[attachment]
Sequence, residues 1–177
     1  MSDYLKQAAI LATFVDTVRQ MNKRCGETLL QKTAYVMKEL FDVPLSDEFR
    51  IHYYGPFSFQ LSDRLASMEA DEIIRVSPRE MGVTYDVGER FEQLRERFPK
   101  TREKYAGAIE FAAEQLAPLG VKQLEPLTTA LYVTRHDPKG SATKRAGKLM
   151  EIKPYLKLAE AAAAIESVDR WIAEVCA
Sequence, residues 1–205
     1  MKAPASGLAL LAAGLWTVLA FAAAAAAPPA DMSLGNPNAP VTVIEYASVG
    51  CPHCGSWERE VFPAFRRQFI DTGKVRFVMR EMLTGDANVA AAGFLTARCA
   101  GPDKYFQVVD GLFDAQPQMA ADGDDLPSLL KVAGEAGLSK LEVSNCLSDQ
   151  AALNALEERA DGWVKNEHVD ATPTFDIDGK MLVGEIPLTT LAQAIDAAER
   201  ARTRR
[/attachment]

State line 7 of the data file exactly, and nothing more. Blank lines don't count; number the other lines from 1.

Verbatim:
     1  MKAPASGLAL LAAGLWTVLA FAAAAAAPPA DMSLGNPNAP VTVIEYASVG